Unvaccinated travelers can still spend summer in Croatia if they show a negative PCR or antigen test upon arrival. The test must be taken within 48 hours prior to departure. An additional requirement is to prove having paid accommodation in Croatia (not only booked). More information from the Croatian government, here.

France reopens in June

Castle in Alsace France
Alsace, France / Image by Wilh from Pixabay 

France has had one of the toughest nationwide curfew: from 7pm to 6am until the end of May. Since the 9th of June, France welcomes fully vaccinated tourists, if they have been jabbed with Pfizer/BioNTech, Moderna, AstraZeneca and Janssen.

For unvaccinated travelers, the main requirement is to hold a pre-departure negative COVID-19 test taken within 72 hours prior to arrival. The test can be a PCR or antigen. The French territories overseas have specific conditions. Check conditions to travel to France in summer 2021 here.

The novelty this year is regarding travelers from the United States. The French government is preparing special measures to welcome vaccinated American tourists. More information from the French government, here.

The UK’s Green List

The British government has already made public their “green”, “amber” and “red” list of destinations, according to their epidemiologic risk. Green destinations exempt Britons from quarantine when returning home (although a test is still required). If going to amber or red destinations, British tourists have to quarantine when returning home at the cost of 1.750£. 

The green list issued every two weeks and for now has 11 countries and islands to where Britons are allowed to go after May 17th. These destinations are Australia, New Zealand, Israel, Singapore, Brunei, Iceland, Falkland Islands, Gibraltar, Faroe Islands, South Georgia Islands, St Helena, Ascension & Tristan da Cunha, and Malvinas. Portugal was moved from green list to amber list on June 8th.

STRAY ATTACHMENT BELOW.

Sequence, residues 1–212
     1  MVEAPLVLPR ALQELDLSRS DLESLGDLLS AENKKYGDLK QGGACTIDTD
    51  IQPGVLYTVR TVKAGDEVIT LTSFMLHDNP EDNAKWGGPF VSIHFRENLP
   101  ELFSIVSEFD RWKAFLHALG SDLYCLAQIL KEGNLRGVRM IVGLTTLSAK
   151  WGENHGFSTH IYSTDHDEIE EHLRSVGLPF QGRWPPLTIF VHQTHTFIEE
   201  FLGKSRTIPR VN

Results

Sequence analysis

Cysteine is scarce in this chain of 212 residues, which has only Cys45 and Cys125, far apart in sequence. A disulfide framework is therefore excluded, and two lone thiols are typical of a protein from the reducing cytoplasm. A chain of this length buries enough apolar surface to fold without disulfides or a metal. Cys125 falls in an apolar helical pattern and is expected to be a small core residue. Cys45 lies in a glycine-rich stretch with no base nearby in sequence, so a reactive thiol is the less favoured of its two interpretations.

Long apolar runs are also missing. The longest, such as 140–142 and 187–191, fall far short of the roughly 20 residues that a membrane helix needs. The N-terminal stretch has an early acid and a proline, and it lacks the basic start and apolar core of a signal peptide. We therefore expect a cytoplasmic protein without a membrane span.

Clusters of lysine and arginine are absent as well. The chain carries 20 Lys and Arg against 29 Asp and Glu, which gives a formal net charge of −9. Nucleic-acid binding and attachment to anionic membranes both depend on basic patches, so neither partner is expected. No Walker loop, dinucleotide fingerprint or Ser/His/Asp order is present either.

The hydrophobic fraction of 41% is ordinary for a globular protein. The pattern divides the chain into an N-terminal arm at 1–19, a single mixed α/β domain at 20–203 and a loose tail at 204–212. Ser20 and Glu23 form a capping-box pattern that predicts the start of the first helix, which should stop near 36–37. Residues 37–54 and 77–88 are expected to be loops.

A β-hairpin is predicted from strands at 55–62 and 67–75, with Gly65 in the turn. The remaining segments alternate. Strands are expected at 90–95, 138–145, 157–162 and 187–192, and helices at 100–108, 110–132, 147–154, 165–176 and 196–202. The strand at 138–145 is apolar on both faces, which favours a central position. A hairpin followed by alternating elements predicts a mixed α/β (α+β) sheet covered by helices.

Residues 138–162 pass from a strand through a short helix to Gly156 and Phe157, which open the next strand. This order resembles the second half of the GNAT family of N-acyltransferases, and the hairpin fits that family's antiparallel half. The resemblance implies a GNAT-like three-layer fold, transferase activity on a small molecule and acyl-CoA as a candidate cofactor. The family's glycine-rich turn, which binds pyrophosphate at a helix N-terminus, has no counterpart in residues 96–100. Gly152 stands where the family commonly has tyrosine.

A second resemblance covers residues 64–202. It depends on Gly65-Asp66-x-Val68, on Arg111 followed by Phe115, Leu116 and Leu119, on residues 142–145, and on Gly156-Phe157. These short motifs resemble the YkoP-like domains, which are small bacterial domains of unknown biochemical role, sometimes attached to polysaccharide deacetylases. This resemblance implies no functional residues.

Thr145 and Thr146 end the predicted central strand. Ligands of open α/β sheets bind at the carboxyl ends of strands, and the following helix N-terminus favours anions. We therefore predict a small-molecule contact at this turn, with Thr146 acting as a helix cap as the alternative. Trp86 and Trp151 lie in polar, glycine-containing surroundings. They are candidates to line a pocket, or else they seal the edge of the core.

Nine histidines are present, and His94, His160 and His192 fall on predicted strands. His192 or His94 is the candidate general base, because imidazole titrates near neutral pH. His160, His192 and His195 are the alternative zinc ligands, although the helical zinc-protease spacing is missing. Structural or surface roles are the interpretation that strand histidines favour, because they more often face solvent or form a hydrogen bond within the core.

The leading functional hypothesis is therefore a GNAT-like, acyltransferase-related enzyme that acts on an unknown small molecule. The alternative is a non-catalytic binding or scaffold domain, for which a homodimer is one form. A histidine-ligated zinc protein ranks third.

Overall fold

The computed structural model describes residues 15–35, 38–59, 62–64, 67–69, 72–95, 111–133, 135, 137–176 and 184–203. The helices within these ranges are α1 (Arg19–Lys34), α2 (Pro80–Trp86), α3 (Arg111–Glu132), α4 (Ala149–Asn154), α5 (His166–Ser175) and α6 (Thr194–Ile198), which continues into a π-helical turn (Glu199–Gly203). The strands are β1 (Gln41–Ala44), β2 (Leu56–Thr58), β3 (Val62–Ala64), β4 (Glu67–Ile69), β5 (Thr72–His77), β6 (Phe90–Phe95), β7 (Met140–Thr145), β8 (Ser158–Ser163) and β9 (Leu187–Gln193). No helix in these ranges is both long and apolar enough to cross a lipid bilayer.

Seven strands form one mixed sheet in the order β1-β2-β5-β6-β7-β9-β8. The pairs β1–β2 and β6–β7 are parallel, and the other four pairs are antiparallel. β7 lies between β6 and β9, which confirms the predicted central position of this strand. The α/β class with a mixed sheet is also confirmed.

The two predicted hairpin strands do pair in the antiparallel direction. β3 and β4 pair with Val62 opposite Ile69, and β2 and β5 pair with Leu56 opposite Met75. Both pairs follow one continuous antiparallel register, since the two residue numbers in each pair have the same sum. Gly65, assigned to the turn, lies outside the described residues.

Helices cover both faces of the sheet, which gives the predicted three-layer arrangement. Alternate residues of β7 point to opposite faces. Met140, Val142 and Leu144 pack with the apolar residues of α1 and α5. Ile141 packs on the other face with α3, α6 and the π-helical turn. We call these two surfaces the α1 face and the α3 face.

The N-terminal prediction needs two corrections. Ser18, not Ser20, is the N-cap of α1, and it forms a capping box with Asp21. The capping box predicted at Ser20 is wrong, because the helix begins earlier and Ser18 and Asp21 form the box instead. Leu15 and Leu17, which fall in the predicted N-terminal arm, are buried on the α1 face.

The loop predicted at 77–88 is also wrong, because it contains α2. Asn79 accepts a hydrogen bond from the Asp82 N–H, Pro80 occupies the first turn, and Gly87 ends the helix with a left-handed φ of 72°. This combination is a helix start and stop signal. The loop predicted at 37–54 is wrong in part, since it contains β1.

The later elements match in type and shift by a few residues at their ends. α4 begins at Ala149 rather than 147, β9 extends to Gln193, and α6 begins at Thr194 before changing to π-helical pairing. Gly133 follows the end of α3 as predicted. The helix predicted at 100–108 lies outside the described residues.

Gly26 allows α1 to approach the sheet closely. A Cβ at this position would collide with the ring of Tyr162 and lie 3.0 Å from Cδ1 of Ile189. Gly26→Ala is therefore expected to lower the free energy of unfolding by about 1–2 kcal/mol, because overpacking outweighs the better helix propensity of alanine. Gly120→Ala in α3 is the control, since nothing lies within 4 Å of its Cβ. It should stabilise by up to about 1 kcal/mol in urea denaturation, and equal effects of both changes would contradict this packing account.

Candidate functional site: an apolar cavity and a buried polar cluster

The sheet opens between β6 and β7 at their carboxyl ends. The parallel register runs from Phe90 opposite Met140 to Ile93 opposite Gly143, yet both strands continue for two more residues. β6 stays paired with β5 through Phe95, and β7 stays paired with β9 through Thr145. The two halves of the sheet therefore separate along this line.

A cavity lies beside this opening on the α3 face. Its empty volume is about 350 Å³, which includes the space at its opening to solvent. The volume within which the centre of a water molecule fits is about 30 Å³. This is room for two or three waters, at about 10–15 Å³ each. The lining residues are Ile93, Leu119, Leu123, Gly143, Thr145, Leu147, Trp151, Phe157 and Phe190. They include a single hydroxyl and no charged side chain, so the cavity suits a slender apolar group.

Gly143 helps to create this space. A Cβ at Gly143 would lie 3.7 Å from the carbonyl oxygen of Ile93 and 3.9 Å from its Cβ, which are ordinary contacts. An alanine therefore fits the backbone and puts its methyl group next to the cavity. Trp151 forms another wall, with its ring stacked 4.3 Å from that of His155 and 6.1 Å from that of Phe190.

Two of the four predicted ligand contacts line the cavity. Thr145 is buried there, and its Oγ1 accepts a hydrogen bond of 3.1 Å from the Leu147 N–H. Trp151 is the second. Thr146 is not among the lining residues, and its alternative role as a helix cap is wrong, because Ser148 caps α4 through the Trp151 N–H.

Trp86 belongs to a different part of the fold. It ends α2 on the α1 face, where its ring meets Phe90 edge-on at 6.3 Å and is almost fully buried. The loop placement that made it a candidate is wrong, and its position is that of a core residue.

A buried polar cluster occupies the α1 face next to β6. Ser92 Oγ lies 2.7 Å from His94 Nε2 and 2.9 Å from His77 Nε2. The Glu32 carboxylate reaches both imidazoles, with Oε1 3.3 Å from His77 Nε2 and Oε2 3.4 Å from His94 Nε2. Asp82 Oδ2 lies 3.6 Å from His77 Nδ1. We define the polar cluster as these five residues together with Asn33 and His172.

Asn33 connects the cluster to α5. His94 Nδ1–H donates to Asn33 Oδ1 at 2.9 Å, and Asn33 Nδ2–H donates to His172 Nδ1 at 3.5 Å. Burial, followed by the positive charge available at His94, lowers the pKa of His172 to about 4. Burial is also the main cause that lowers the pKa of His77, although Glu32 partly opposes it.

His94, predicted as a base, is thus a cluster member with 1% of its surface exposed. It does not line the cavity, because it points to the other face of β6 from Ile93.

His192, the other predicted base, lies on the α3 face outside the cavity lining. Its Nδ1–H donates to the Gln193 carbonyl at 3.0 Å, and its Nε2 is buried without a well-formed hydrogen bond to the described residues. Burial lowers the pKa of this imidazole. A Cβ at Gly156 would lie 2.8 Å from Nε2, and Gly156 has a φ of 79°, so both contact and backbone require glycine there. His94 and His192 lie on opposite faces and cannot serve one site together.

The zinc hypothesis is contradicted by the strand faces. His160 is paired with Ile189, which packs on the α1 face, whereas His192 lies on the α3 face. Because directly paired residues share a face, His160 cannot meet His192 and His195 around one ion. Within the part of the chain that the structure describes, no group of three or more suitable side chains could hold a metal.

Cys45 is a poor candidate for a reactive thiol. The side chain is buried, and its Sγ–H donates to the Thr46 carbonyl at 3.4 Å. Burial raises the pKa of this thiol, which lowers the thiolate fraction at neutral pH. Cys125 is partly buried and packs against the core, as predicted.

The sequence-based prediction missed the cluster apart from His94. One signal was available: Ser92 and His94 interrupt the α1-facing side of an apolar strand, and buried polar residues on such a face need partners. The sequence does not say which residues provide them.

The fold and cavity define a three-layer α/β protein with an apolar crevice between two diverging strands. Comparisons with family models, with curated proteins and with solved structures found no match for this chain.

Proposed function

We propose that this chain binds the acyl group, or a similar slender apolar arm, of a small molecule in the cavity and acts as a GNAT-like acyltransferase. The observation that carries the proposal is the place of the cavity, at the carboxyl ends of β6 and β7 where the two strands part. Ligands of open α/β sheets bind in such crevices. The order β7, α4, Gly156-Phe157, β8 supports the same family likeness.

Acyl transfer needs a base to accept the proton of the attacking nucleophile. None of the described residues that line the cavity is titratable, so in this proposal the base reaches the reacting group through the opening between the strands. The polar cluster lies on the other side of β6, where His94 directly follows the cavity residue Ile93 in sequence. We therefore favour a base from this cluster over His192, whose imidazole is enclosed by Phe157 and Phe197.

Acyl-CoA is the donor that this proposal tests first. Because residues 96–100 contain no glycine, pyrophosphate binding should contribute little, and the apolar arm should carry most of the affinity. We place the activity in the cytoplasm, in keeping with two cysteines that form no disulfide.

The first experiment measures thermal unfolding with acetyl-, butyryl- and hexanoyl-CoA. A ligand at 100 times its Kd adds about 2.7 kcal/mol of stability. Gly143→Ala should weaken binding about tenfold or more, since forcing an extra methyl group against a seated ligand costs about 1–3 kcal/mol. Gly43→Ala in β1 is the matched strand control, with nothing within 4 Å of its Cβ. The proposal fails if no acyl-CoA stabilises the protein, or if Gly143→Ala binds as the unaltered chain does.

To see the updated list of green, amber, or red countries according to the UK government, click here.

This article is being regularly updated as news changes week after week. Original sources to the news are linked in each country’s section.

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FAQs about European countries to travel in 2021

Can I travel to Europe in 2021?

Travelers are welcome in Europe for the 2021 summer if they are vaccinated with any of the vaccines approved by the European Medicines Agency (EMA) at least two weeks before departure or if they prove to be Covid free with a negative test taken within 72 hours prior to departure. However, some travelers from high-risk countries, like India or Brazil, might have difficulty entering Europe, depending on the country. To check the entry situation in each one of the European countries, go to the Re-open EU website. 

Which COVID-19 vaccines are accepted to enter in Europe in 2021?

The vaccines for COVID-19 accepted in the European Union are the ones approved by the European Medicines Agency (EMA): Janssen, AstraZeneca, Pfizer and Moderna. However, each country might decide if extending the acceptance to other vaccines, especially if they “have completed the World Health Organization emergency use listening process”, according to a European Commission statement. The government of Cyprus included the Russian vaccine, Sputnik, in their accepted list. Greece has added Sinovac Biotech, Gamaleya (Sputnik), Cansino Biologics, Sinopharm, and Novavax. Spain accepts all the vaccines confirmed by the EMA and WHO as safe, like Pfizer, Moderna, Janssen, Astrazeneca, and Sinovac/Coronavac.

What are the requirements to travel to Europe in summer 2021?

General requirements to enter most of the European countries are being vaccinated, holding a negative test (either PCR/TMA or antigen), or attesting to being immune to the coronavirus with a medical certification. Some countries might include quarantine depending on the traveler’s origin, and some countries might even forbid entry from high-risk zones. Besides, travelers should fill in a “travel health form” to be handed over when landing. Each country has its own form.

What is the EU traffic light system regarding the epidemiological risk of countries?

The European Union has a “coronavirus traffic light system” that divides European countries in green, amber, red and gray zones, according to the state of the pandemic. Nearly all the countries are amber or red as of the 13th of May. The  Covid traffic light  map can be seen here.

How does the EU digital COVID certificate work?

Starting July 1st, all European Union countries will be accepting the digital certificates as proof that the traveler has been vaccinated, has tested negative, or has recovered from COVID in the last 180 days. The traveler will hold a QR code that will be read upon arrival. However, each EU country is responsible for the definition of its own entry requirements and rules, which are not standardized throughout the territory. The digital certificate should facilitate entry in airports, train stations, and ports.